Millennial is the buzzword right now – they’re the ones we see on the covers of magazines or, more likely, on the front page of Instagram. So would it surprise you to know that the generation of Baby Boomers (those who were born between 1946 and 1964) feel fitter and healthier than Millennials, despite us not seeing these people represented in the fitness media?
It’s true, according to a survey run by NRS Healthcare. They asked 3 groups of people: Millennials (18-35), Generation X (35-55) and Baby Boomers (55+). The survey showed that, overall, 86% of Baby Boomers would define their overall fitness as “average or above” whereas 72% of Generation X and a paltry 69% of Millennials gave the same answer, the rest answering that it was below average. The same group also spends the most time exercising a week – 43% exercise most days compared to 21% of Millennials and 24% of Generation X.
The survey also asked how people felt about their diet – the super fit Baby Boomers also answered that their diets were healthy, in fact 100% of them said so! This compares to 79% of Generation X and Millennials saying that they tend to eat healthily. It does seem that many don’t necessarily regard breakfast as being an important part of a healthy diet however as only 72% of Baby Boomers eat breakfast every day, 77% of Generation X however find it more important, and only 54% of Millennials. Those Baby Boomers also feel that vitamins aren’t necessary to maintaining a healthy diet – only 28% of them take supplements to help give their body extra nutrients, whereas 45% of Generation X and Millennials do so.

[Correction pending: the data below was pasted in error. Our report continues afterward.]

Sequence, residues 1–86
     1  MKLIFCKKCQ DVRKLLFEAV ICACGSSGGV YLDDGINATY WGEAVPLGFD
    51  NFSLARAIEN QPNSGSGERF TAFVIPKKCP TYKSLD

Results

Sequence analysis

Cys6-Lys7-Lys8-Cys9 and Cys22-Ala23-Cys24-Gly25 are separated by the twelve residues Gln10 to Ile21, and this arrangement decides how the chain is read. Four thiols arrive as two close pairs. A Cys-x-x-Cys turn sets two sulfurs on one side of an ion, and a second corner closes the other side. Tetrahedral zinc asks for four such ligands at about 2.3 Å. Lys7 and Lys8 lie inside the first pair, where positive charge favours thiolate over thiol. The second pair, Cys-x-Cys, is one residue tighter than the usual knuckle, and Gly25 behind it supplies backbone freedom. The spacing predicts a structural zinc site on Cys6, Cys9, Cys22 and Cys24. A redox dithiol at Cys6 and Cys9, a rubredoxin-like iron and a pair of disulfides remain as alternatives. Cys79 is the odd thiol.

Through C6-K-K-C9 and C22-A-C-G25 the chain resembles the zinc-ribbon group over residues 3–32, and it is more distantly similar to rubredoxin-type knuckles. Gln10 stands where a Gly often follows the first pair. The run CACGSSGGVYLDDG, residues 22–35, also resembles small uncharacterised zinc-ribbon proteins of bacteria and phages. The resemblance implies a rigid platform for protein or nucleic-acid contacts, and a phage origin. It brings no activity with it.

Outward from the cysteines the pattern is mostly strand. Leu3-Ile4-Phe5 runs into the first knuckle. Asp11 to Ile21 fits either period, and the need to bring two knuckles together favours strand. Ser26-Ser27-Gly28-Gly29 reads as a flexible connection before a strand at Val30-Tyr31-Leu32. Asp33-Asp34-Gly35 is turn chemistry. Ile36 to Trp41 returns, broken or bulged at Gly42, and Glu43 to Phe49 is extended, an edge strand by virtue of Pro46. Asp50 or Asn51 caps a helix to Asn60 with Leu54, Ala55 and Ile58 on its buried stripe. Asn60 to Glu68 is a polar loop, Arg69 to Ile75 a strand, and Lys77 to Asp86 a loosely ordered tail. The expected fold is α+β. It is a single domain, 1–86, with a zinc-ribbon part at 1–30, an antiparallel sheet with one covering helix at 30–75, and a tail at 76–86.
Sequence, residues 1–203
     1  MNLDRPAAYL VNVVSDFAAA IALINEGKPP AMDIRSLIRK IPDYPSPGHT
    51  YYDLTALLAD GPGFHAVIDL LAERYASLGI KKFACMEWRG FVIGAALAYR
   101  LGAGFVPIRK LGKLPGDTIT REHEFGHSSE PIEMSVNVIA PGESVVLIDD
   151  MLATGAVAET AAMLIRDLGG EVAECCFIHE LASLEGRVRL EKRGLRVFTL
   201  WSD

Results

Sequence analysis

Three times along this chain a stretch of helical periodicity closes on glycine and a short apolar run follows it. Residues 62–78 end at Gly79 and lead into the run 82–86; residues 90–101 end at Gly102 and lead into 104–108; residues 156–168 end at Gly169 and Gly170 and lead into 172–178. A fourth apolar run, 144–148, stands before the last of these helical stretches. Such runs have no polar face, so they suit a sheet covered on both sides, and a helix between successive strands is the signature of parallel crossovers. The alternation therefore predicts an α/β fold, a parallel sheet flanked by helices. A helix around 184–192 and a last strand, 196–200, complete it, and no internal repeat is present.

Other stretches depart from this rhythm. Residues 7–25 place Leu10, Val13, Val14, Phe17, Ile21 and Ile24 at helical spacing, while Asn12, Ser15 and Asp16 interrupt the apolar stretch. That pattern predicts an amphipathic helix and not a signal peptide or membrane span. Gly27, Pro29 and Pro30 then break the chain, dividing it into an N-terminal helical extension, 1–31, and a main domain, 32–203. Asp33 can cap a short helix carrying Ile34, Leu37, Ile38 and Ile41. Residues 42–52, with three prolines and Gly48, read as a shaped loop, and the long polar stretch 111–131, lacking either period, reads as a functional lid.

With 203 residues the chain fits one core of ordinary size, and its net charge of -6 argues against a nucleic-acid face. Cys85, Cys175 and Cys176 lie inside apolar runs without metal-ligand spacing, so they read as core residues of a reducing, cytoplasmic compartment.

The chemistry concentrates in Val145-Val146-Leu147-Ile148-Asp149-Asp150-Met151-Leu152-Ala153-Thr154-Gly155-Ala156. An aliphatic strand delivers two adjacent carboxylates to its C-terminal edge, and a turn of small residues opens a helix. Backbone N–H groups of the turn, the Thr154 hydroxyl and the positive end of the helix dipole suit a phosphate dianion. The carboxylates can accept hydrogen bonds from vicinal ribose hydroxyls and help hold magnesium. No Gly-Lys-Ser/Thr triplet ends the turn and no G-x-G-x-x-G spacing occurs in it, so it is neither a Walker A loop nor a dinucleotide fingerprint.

It seems that Millennials are feeling self-conscious and under pressure to do something about their health or that the older generations are either simply more likely to find it easier to maintain a healthy lifestyle or that they no longer feel pressured to live in a certain way. This is no more apparent than in their choices of diet:
The most popular diet for Millennials was the newly popular 5:2; for Generation X, it was the traditional Slimming World; and for Baby Boomers, it was the old hat Atkins diet. However Millennials have tried far more diets than any other generation, despite respondents in this group all being under the age of 35 – 22 separate diets featured in their answers, the vast majority of which can only be classed as “fad” diets – juice cleanses, teatoxes, low carbs, Lean in 15 and raw food only diets were popular. In contrast, Generation X reported 10 different diets and Baby Boomers only 5.
Is the world a difficult place for a Millennial to navigate in terms of health and fitness, or are Baby Boomers simply more secure in their bodies? The rest of the survey results can be found on NRS Healthcare’s blog here.